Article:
Spirit of a Parent Circle

Ideally, parents should gather in the spirit of curiosity and openness, showing respect for different views and values. In most situations, there is no single correct answer or way to act. By meeting together, parents can get to know one another, expand their knowledge, strengthen their skills and increase their understanding.

If parents choose to share personal information or worries about especially challenging situations, members of the group should maintain confidentiality. Adopting a respectful and non-critical attitude is important. It is vital to create a sense of comfort and safety for participants.

Sometimes it can be useful to raise issues anonymously. Parents can write down the situations they have confronted or might soon face on paper or index cards. The cards can be shuffled and handed out. People can take turns reading them, sharing ideas and responses. They can discuss the pros and cons of each response, as well as their possible short- and long-term consequences.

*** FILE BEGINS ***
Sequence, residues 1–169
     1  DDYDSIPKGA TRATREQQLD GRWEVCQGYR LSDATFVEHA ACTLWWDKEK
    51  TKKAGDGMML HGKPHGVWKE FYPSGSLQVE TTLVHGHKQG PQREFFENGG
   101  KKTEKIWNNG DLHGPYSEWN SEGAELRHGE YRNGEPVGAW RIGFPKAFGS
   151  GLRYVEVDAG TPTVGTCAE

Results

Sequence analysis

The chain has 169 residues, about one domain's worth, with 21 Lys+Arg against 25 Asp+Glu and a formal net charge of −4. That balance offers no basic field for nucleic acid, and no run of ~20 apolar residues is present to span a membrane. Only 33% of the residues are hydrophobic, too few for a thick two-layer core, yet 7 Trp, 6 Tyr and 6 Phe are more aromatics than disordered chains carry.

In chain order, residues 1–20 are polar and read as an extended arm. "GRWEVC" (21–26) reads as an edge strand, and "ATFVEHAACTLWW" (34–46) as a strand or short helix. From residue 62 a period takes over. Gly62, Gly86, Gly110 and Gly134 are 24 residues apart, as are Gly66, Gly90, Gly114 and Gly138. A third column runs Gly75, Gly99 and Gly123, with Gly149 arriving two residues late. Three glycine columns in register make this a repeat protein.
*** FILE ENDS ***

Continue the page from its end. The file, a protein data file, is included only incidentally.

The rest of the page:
Parents can “role play” and rehearse different situations and responses, and potential outcomes so they can “try on” different ways of acting.

Another possibility is to invite groups of children to serve as consultants or teachers. For example, in my local elementary school, the guidance counselors have been teaching conflict resolution skills to several grades. At the next meeting of the kindergarten through third grade parents circle, children demonstrated the skills they learned, teaching us and guiding us in role-playing activities.


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